At this year’s SXSW Festival, engineering took center stage in the documentary DamNation (directors Travis Rummel & Ben Knight), which won the Documentary Spotlight Audience Award. It begins with America’s rash of dam-building under FDR when these mammoth structures were considered man-made wonders. Hoover and Grand Coulee are the large-scale examples, but there were about 80,000 smaller dams built across the country. That level of admiration has collapsed as we have come to understand that dam construction went overboard and the consequences were detrimental to wildlife and the environment—and may not have provided the energy, shipping, irrigation, drinking water, and flood control that was expected (who knew that high levels of methane gas are released from reservoir surfaces?). About a quarter of existing dams are considered highly hazardous, and only 2,540 actually produce hydropower, accounting for approximately nine percent of U.S. energy supply. Further, dams block salmon and other fish migration (if it stops the water, it stops the fish…and the entire ecosystem) and degrades water quality by blocking flow. The politics of “reclamation” is questioned. The argument for dam removal is eloquently and humorously made. Think of the definition of dam: “To obstruct or restrain the flow.” 05-sxsw-review-2014-morris-archpaper Also scaling an engineering feat, the San Francisco-Oakland Bay Bridge, is the film Impossible Light (director Jeremy Ambers) which chronicles Leo Villeareal’s 25,000 LED lights Bay Lights project, the world’s largest light sculpture at 1.8 miles long and 500 feet high. The nightly dust-to-dawn light show is streamed online at thebaylights.org. Considered the ugly stepsister of the Golden Gate Bridge, Bay Bridge is actually complex of two bridges (one double-suspension, the other cantilever) comprising one of the longest spans of any in the States. The bridge has been enlivened by this installation which was a political and technical accomplishment as much as an artistic one, not unlike the erection of the bridge itself. Another determined artist who scales buildings is dancer Elizabeth Streb. Not just a choreographer, she has been called an “extreme action architect” for the gravity-defying movement she calls “Popaction.” In Born to Fly (director Catherine Gund), we not only follow her dancers in their Williamsburg studio but go to the London Olympics where they are suspended from Norman Foster’s Millennium Bridge, climb the spokes of the London Eye Ferris Wheel, leap in Trafalgar Square, and walk down the curved glass facade of Foster’s City Hall.   Eleanor Ambos Interiors (director Andrew Michael Ellis) shows the eccentric 86-year old interior designer who has collected buildings as well as furnishings. She now rents out these spaces for events and photo shoots. The buildings were acquired to warehouse her ever-growing collection that she originally used to furnish her clients’ homes, but she just couldn’t stop. The Metropolitan Building in Long Island City is one, and others are in Hudson, NY. Losing her sight to macular degeneration has slowed but not stopped Eleanor. Print the Legend (directors Luis Lopez & Clay Tweel) on 3D printing, Font Men (director Dress Code) about typeface designers, and Pioneer Palace (director Andrew McAllister) about a town that was originally an Old West motion picture set built in the 1940s and the revived honky-tonk Pappy and Harriet’s, are among the other selections. Profiles of artists included Kehinde Wiley: An Economy of Grace (director Jeff Dupre), David Hockney IN THE NOW (in six minutes) (director Lucy Walker), Obey the Artist (director Ondi Timoner) about Shepard Fairey, best known for the Obama "Hope" poster, and The Case of the Three Sided Dream (director Adam Kahan) about jazz multi-instrumentalist Rahsaan Roland Kirk which will be playing at the IFC Center on June 11 as part of the Blue Note Jazz Festival.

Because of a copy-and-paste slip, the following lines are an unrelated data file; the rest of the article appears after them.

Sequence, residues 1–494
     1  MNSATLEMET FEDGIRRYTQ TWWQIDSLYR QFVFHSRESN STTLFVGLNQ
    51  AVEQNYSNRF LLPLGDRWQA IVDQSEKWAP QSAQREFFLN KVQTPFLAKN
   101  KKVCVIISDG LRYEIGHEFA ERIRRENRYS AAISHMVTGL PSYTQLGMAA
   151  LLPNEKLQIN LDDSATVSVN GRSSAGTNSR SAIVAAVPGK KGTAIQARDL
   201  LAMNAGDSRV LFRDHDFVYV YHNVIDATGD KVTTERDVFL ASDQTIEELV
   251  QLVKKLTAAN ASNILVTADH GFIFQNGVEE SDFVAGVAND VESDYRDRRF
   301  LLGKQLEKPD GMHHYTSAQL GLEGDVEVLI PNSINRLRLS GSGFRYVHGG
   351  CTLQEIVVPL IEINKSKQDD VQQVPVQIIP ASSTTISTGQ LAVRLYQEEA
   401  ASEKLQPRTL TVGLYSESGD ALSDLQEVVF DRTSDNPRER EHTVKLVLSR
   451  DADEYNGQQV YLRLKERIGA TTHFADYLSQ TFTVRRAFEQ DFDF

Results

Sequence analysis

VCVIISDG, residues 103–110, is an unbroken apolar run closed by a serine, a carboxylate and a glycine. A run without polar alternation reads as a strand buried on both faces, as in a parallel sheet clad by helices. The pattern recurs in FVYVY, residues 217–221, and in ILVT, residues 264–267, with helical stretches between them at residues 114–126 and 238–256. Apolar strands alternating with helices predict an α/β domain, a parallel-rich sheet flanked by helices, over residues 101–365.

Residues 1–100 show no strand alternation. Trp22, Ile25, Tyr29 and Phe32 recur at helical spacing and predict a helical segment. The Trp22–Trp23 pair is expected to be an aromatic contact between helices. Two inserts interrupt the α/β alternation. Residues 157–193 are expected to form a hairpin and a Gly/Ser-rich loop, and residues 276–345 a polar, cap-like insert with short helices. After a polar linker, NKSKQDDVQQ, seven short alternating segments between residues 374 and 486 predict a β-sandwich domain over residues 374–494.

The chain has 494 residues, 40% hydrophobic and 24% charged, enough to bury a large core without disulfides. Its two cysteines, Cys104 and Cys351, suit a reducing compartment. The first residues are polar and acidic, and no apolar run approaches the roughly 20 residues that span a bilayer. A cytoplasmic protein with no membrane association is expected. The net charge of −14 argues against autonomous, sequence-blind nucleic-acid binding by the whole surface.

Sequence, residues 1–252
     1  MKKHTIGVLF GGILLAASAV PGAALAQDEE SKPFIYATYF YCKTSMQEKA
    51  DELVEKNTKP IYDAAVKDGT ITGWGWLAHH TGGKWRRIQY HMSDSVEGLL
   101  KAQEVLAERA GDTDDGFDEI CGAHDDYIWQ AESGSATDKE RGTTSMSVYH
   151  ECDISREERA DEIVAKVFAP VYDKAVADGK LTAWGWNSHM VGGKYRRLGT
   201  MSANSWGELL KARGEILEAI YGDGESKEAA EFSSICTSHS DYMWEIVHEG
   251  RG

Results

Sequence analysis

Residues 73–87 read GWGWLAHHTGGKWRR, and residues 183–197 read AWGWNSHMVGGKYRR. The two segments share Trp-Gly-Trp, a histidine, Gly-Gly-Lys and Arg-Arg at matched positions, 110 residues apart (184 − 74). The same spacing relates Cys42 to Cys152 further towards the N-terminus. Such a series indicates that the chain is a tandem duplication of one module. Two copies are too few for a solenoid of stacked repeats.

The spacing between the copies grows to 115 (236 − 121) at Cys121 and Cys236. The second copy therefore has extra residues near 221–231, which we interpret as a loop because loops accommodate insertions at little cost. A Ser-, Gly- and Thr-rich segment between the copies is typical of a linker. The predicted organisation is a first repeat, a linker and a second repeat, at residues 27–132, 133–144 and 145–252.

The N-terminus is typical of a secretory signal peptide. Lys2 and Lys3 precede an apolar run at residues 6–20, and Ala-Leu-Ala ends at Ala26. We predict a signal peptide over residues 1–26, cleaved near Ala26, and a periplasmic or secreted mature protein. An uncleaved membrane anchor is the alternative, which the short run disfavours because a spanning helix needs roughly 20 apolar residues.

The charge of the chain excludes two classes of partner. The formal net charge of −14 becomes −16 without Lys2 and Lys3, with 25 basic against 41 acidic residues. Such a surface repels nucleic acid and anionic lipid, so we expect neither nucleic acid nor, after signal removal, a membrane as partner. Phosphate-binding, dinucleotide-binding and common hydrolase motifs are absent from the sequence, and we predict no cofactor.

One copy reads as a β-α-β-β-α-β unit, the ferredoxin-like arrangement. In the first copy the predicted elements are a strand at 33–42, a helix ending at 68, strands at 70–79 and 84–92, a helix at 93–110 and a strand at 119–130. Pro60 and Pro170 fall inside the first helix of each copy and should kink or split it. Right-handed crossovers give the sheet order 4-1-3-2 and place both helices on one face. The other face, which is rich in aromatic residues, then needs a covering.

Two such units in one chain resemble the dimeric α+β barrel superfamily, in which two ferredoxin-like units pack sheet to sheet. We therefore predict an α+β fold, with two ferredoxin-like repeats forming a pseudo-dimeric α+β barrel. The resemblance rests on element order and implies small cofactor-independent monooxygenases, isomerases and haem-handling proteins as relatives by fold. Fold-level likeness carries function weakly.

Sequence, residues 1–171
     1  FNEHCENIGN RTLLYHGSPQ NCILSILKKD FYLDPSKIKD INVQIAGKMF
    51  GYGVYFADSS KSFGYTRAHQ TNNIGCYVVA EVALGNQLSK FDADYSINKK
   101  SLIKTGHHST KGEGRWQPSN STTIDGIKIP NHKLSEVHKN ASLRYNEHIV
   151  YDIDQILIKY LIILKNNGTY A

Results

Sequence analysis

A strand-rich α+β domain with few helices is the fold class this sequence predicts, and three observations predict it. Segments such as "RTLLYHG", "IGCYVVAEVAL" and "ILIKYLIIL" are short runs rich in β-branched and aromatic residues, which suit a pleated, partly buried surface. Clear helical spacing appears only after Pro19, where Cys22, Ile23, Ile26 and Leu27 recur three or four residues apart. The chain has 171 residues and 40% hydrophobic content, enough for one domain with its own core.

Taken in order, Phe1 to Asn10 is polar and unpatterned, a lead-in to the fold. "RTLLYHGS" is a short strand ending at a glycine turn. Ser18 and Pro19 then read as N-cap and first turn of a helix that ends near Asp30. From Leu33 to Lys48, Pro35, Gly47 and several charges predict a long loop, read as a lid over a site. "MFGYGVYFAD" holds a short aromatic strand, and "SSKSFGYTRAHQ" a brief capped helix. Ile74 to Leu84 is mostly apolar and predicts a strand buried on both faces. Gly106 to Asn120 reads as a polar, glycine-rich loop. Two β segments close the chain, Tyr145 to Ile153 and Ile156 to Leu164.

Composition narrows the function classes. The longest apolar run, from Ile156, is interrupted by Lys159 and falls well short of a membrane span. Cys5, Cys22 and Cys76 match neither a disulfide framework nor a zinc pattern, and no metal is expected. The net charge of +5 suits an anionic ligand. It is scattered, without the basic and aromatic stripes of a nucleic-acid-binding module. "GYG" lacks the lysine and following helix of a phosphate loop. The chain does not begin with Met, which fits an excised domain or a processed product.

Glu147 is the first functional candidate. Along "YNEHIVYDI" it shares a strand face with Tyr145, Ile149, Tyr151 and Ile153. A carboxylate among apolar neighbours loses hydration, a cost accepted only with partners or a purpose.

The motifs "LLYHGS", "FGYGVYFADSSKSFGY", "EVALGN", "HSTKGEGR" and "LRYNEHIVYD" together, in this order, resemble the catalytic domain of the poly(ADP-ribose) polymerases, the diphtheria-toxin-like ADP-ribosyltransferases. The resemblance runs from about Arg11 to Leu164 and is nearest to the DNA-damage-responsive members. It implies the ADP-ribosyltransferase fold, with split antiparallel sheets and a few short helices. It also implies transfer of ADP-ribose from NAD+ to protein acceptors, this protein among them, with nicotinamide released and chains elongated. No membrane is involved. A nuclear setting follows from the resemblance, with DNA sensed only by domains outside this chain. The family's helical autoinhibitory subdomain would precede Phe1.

UT Student Installation Takes SXSW